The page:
By Kaykay Lin and Jesus Reyes
Mr. Carlos Molina is a special teacher at Abraham Lincoln High School for many reasons, not least of which is that he was once a student here, though as he admits, not a great one.
Mr. Molina attended Lincoln from 1992 to 1995. He said he was just an average kid who chose Lincoln simply because it was close.
“I actually lived like three or four blocks away,” Molina said. “I’ll be honest with you, I wasn’t that great of a student, so I probably didn’t do my research either, friends were going there, it seemed like a decent school, so I was like ‘alright I’ll just go there’.”
During his time at Lincoln as a student, Mr. Molina recalls the school being very crowded compared to today, making it a less welcoming place to be.
“Lincoln, I feel like back in the day was jam-packed with students, it’s definitely not as packed as it used to be in the 90’s,” Molina said. “I feel like the population of the students has gone down, making it a more pleasant environment because jam-packed students in the school is a little overwhelming at times.”
After graduating from Lincoln in 1995, Mr. Molina went to college in upstate New York. He only stayed for a year though before returning to New York City to attend the School of Visual Arts. He decided to major in photography, graduating in 2000. After college, he then worked as a photographer’s assistant and took his own photographs.
Throughout this time, he kept in contact with his former teacher and mentor at Lincoln, Howard Wallach. It was Wallach who established and founded Lincoln’s now renowned photography program. When Wallach was set to retire, he recommended Mr. Molina take over.
He has now been the teacher of the school’s photography program for the last 19 years. As well as less crowding, Mr. Molina has noticed other changes now he is a teacher at Lincoln.
When he was a student, for example, there was no scanning system. Also, while many students attend Lincoln today for its superior sports programs, when he was a student, Mr. Molina says, the facilities were poor.
“A lot of that has changed. The field was like rocks and dirt back in the day, they secured funding to make it nice.”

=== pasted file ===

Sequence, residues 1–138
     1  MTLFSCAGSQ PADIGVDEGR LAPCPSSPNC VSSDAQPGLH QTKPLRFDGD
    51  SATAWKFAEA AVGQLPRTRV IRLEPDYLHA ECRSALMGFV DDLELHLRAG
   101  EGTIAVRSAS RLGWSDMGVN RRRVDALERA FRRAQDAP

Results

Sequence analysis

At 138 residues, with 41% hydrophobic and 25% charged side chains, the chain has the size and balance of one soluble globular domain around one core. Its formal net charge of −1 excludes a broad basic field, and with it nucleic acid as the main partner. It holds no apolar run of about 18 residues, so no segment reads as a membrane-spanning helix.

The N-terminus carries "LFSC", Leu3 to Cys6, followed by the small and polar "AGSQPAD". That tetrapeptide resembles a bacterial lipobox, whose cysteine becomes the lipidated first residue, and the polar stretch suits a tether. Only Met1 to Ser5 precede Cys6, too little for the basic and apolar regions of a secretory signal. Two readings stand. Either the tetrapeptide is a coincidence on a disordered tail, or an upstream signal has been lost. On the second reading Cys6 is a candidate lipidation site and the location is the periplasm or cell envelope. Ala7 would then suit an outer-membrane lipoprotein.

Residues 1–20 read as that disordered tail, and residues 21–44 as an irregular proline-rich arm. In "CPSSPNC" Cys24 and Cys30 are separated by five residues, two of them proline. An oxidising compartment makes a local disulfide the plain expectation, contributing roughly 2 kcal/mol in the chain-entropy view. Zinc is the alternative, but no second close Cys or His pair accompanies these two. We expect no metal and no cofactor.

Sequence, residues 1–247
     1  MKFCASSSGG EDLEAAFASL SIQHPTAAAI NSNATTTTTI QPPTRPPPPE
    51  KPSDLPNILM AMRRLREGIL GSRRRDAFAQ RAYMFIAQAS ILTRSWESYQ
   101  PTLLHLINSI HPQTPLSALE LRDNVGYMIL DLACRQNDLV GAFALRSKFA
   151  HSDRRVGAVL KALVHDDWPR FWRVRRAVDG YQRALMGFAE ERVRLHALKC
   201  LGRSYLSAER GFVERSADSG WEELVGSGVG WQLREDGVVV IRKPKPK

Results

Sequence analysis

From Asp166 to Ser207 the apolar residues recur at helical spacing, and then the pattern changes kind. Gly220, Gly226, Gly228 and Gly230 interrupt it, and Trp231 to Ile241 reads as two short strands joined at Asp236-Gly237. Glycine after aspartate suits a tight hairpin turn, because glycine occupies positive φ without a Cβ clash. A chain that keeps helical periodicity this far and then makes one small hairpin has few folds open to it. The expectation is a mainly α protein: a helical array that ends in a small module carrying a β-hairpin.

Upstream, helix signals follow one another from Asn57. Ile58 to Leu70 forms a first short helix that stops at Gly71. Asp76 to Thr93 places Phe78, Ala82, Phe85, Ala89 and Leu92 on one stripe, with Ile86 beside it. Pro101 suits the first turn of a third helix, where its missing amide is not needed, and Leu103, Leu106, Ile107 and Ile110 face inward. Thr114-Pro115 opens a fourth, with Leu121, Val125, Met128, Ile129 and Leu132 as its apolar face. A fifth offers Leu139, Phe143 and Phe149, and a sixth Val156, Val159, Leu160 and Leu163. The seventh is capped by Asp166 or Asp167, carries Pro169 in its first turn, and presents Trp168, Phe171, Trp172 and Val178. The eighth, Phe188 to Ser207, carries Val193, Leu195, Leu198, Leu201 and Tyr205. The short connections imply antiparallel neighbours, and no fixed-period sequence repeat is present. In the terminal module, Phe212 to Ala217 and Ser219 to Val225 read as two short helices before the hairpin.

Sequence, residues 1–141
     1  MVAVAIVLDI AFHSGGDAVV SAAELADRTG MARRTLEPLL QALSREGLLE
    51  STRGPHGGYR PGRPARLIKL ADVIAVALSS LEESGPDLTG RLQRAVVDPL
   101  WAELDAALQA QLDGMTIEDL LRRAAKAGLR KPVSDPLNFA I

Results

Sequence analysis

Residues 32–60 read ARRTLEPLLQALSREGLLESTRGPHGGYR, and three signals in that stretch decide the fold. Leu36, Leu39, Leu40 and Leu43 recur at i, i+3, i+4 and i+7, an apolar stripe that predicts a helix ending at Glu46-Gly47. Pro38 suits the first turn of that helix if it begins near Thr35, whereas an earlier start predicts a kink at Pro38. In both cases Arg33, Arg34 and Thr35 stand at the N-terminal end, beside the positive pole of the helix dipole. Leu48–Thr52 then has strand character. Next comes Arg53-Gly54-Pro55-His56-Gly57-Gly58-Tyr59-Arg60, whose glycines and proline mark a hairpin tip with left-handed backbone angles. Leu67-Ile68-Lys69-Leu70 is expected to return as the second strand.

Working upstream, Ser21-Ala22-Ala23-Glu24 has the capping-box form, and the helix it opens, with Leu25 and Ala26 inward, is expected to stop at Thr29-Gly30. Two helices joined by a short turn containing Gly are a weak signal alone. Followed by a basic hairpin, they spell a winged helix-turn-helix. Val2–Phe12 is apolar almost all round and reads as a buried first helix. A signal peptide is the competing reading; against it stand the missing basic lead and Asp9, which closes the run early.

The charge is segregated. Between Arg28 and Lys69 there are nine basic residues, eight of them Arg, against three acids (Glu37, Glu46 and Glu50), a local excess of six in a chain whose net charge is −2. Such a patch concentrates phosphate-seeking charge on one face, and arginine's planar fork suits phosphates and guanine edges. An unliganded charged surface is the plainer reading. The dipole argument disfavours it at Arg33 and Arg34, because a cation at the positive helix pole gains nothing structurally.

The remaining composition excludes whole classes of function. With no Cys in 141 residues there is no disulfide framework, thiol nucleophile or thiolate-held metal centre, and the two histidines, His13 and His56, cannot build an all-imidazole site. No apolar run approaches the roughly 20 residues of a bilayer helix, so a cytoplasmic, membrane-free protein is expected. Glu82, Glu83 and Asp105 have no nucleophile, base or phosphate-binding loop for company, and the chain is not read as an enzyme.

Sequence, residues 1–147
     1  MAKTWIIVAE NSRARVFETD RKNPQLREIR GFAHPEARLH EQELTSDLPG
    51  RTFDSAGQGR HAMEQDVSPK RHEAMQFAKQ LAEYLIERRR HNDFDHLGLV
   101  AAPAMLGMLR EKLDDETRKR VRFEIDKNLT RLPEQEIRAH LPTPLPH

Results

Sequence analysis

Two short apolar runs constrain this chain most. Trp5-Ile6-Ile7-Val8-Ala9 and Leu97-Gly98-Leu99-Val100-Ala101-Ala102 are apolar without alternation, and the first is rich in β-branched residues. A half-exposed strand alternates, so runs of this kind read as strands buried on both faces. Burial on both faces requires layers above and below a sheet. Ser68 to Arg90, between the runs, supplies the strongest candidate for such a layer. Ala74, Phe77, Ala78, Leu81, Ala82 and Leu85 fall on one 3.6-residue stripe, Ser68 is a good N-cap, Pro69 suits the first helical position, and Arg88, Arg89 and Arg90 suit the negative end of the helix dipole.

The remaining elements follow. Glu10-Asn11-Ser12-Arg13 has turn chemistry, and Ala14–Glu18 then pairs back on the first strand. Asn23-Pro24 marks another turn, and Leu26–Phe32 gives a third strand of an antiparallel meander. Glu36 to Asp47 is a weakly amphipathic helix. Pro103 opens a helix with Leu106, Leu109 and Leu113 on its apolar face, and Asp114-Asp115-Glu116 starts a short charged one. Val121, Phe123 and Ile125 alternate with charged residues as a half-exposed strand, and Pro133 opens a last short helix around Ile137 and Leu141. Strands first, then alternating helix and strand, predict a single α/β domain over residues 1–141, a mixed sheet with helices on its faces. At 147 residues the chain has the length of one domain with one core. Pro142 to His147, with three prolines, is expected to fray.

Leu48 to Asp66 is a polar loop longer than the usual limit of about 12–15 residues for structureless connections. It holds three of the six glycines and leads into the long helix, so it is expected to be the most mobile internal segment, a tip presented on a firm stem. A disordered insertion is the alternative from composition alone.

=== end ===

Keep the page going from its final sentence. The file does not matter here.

In addition, the school has introduced modifications to reflect the changing modern world with new and exciting classroom redesigns.
“They have updated some of the classes, like VE, and changed a lot so that it looks like an office now,” Molina said. “Then we have the courtroom that they did construction on.”
One of the biggest changes Mr. Molina has noticed is in the Arts.
“I feel like we’re working together more closely, there’s a lot more art teachers, we have a music and a theater arts program and we all work collaboratively. In the past, I felt like everything wasn’t unified as it is now. Yeah definitely we’re working more collaboratively then we have in the past.”
Such collaboration has been the reason for the success of recent productions put on by the Arts department. As Mr. Molina explained, different teachers in the department now work together to ensure each production works seamlessly.
“So like they’ll put on the show, Mrs. Fabbricatore would do the theater part of it, obviously Mr. Pearce would do the music end of it, Mrs. Moreno who develops the scenery and customs, and I end up photographing the show or filming. It’s all tied in together. In the past it was more like a bunch of classes and now it’s a program.”
Such progress has led to Lincoln developing more students for future success, past high school. Students just like him.
“There have been some amazing talents coming out of this program, so there are kids that are going to study theater, whether it’s on stage or behind the scenes that have really made an impact here, they stood out here with the quality of work, they set themselves apart from pretty much everyone else, you know that these people are definitely going to follow this field past high school, past this program”.